Douglas Murray says that it was in business school at Johns Hopkins that he began to think about how to become a better leader. “The professors got us thinking of different ways to approach complex problems,” he says, and the diversity of his classmates helped him appreciate multiple cultural perspectives.
Murray earned his Johns Hopkins MBA in 1998, while he was working for AT&T. Today he is chief executive officer of Big Switch Networks, the Santa Clara, California-based software-defined networking company. He was named to the position in late 2013 after serving as senior vice president of Asia Pacific, Japan, and Greater China for Juniper Networks, an American manufacturer of networking equipment.
“What I use most from my MBA relates to management,” he says. “For example, how do you create a vision/strategy/execution model to align everyone in the organization? Something that threads all the way through, so individuals can see their role in the vision of the company? The management and leadership courses helped me in shaping who I am as a leader.”
After working at AT&T for almost a decade, Murray decided to take his MBA to Silicon Valley. He was one of the first employees at a digital storage company that was acquired by EMC, and he later took a position at Sun Microsystems.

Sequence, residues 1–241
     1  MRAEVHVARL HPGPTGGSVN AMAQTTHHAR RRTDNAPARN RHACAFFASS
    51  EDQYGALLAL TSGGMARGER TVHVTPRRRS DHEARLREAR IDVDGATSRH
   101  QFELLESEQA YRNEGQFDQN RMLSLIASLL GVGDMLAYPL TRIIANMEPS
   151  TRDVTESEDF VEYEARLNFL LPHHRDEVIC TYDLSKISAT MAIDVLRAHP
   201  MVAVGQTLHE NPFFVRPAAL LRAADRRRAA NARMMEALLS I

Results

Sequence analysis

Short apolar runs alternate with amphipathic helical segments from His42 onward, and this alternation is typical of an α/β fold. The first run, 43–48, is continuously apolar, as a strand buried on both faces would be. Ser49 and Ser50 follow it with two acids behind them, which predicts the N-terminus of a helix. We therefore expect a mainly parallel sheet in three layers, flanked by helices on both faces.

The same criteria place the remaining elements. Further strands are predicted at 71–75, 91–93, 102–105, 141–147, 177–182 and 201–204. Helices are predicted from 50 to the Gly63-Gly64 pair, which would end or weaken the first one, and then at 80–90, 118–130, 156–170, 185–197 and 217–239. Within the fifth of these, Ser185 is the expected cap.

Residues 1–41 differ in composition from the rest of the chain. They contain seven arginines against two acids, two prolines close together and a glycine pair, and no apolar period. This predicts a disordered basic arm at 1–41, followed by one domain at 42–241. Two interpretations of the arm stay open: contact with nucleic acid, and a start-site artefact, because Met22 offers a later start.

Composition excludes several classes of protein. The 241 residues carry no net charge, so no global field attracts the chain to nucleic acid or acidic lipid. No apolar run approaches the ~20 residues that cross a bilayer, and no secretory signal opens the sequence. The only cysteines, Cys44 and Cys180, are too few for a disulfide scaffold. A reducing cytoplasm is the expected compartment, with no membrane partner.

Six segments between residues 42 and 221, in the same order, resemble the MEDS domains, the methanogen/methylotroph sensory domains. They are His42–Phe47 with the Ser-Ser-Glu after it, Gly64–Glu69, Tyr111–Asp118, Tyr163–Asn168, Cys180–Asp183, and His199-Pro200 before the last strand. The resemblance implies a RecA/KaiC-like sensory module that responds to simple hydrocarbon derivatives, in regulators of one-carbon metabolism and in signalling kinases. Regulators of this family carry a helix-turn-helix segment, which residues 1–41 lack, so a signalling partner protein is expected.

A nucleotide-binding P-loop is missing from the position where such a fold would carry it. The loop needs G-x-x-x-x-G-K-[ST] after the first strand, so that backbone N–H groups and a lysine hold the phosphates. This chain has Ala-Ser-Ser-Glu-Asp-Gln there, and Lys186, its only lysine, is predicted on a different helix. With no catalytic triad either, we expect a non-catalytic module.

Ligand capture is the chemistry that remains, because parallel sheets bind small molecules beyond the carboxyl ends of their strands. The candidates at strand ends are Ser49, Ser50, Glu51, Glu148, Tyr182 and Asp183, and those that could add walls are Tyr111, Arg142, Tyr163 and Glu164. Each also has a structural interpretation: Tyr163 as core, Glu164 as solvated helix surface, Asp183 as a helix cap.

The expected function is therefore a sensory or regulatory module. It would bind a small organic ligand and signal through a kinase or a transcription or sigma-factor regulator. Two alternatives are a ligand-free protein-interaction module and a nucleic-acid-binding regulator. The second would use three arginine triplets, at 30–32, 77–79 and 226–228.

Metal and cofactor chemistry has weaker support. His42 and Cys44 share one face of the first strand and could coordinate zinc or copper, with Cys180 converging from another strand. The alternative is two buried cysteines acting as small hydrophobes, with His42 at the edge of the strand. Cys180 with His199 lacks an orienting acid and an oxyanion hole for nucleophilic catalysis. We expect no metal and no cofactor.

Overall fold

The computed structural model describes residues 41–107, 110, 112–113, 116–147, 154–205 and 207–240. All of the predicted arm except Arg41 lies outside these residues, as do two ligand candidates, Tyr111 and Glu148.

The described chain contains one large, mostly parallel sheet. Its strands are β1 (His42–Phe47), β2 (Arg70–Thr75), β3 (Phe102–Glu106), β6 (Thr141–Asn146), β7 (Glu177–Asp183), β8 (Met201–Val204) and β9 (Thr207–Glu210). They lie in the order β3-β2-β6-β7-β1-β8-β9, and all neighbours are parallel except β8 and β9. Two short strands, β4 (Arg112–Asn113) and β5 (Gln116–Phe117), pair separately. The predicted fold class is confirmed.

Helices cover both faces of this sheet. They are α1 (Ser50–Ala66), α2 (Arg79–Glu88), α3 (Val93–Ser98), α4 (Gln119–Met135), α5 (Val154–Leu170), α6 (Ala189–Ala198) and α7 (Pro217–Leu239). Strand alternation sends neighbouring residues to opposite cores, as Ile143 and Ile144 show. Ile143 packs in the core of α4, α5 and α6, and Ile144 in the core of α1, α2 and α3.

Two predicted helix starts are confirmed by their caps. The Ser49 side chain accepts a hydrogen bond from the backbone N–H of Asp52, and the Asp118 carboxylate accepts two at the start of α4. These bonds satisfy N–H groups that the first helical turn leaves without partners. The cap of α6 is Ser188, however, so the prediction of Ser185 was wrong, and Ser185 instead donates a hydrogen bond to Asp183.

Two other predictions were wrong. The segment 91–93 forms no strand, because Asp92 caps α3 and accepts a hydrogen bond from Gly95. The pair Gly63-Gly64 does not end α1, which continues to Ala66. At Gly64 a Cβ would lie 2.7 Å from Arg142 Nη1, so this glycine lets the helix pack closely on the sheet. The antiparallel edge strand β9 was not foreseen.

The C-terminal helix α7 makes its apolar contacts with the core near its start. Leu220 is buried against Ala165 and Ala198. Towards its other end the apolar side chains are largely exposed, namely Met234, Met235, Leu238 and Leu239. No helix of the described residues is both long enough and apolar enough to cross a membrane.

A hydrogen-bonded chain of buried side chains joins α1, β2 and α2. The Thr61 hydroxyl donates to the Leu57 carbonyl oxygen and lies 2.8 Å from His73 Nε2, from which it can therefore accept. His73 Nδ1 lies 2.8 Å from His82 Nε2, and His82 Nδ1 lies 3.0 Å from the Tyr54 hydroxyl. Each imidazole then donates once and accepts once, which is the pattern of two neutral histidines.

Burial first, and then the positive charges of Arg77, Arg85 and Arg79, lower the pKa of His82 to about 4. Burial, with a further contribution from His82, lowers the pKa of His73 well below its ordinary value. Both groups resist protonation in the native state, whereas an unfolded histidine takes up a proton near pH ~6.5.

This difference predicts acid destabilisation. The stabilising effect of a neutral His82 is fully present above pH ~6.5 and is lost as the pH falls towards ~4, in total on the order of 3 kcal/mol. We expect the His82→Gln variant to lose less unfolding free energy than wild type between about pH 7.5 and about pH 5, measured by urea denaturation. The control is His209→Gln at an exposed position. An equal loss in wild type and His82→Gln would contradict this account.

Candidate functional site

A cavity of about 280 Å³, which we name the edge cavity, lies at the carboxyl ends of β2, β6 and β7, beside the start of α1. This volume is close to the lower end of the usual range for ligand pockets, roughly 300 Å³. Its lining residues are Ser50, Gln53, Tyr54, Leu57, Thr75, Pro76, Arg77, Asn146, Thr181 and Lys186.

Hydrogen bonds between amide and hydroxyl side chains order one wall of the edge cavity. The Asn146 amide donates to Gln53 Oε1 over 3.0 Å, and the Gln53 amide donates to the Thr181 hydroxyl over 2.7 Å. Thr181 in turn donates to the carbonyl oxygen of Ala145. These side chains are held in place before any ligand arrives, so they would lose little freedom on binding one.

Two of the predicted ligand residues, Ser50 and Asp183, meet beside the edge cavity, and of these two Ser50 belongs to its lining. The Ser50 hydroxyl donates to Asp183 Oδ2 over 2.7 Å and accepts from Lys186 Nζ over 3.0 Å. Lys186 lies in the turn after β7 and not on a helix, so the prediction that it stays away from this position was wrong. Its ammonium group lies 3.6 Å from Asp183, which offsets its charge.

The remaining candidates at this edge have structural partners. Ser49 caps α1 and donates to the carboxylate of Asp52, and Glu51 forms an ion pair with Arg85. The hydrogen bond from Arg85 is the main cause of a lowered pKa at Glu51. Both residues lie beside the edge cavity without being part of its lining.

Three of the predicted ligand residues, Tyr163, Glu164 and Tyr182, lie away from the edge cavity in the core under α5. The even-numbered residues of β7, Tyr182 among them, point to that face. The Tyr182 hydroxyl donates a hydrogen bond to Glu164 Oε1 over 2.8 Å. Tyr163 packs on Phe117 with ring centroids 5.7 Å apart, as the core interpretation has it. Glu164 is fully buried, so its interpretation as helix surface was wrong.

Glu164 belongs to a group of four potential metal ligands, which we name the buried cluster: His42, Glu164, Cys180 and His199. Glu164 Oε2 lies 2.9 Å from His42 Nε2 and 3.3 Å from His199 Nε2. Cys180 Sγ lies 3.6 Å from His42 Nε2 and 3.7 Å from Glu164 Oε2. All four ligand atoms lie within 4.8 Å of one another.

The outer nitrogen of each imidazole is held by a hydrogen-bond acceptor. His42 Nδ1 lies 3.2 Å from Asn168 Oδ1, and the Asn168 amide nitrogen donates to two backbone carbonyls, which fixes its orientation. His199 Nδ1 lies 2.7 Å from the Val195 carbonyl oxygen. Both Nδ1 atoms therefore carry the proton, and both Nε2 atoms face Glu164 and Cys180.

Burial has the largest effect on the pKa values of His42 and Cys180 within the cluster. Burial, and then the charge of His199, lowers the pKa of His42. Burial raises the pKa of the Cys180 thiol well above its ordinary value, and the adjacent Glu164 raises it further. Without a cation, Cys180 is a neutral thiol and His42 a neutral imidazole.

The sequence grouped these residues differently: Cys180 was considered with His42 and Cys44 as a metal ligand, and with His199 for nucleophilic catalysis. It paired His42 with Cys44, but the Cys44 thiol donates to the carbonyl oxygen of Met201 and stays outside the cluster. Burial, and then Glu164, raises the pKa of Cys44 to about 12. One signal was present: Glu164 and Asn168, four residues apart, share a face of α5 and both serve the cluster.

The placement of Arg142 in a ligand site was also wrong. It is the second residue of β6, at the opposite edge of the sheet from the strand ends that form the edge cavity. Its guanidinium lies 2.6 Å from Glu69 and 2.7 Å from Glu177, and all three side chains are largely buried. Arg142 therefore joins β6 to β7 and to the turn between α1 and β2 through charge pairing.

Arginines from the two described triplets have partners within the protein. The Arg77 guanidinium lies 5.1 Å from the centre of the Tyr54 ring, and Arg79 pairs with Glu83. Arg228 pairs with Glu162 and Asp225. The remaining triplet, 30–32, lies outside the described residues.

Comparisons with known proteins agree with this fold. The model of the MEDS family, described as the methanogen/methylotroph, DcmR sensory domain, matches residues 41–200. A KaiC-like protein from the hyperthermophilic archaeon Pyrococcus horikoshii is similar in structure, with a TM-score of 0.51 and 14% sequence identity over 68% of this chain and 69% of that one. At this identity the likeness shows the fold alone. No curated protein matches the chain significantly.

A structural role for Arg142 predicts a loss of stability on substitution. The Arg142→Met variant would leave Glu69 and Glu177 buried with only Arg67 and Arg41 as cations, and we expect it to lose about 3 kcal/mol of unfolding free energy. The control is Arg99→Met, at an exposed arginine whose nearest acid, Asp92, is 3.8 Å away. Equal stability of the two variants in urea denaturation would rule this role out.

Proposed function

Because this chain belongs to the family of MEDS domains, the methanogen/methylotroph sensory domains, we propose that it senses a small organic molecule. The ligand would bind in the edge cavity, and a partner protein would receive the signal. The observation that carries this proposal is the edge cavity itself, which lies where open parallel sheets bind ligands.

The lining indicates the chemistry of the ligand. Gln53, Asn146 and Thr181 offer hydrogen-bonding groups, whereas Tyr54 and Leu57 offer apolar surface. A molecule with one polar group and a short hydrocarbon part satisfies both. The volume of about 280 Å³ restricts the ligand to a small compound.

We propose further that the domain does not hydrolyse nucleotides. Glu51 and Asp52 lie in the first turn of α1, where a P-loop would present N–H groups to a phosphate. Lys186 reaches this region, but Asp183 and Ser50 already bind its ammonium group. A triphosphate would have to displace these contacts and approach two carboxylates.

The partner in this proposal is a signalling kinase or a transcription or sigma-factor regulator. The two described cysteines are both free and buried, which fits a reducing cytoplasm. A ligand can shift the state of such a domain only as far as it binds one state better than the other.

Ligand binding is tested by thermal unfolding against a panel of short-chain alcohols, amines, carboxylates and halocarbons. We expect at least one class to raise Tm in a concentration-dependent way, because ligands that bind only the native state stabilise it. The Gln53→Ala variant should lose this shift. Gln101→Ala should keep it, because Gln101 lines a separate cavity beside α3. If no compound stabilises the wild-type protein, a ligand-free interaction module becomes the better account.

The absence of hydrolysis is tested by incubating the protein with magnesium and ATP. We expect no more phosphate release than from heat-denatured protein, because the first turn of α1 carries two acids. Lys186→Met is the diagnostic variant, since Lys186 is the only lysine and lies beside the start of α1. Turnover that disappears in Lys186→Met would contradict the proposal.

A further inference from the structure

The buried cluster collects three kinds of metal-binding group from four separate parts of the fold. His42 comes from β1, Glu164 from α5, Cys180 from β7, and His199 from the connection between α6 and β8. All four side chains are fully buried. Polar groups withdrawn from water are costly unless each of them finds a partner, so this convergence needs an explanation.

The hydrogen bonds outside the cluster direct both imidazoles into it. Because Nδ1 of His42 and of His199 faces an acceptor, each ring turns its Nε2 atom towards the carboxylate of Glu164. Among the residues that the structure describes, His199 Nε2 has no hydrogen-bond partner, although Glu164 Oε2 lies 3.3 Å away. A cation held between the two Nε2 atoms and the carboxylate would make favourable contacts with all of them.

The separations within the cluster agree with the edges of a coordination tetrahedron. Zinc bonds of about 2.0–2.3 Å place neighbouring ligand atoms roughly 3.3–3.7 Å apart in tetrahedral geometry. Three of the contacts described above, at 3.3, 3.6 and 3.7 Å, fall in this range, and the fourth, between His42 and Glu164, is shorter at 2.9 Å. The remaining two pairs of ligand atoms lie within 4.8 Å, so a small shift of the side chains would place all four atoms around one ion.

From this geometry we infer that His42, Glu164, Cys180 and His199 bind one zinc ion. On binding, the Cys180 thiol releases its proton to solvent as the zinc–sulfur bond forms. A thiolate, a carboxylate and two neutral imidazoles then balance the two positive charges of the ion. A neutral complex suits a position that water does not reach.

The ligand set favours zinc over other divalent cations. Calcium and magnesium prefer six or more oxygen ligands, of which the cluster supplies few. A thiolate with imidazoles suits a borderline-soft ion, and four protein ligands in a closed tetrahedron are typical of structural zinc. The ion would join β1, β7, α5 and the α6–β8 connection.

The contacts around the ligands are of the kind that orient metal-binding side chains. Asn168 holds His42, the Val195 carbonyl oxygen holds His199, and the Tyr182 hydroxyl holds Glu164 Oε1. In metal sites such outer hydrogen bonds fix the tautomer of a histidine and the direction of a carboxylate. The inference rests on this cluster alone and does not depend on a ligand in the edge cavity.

Murray’s role at Juniper placed him in charge of firewalls, intrusion detection, and other core risk-management tools. When based in Hong Kong for Juniper, he oversaw burgeoning markets in China, India, South Korea, and Australia, among others. “I learned an incredible amount about culture and how to manage across borders,” he says.
His role as CEO of Big Switch Networks allows him to disrupt an industry that he has long been a part of. “Servers, storage, and applications have changed over the last 20 years,” he says, “but the networking world has remained static and is ripe for disruption. Marry that with cloud computing and big data, and the network has become a bottleneck.” Those bottlenecks mean opportunities to innovate, and the confidence to continually learn and innovate has been a major theme in Murray’s business career.
“I grew up in a fairly conservative family from New York, with a dad who worked at 3M for 30 years,” he says. “I took away from Hopkins that taking risks is important – it needs to be a measured risk – but if I hadn’t made the decision to get my MBA, I’d still be at AT&T now instead of running one of the most exciting companies in Silicon Valley.”
– Sam Hopkins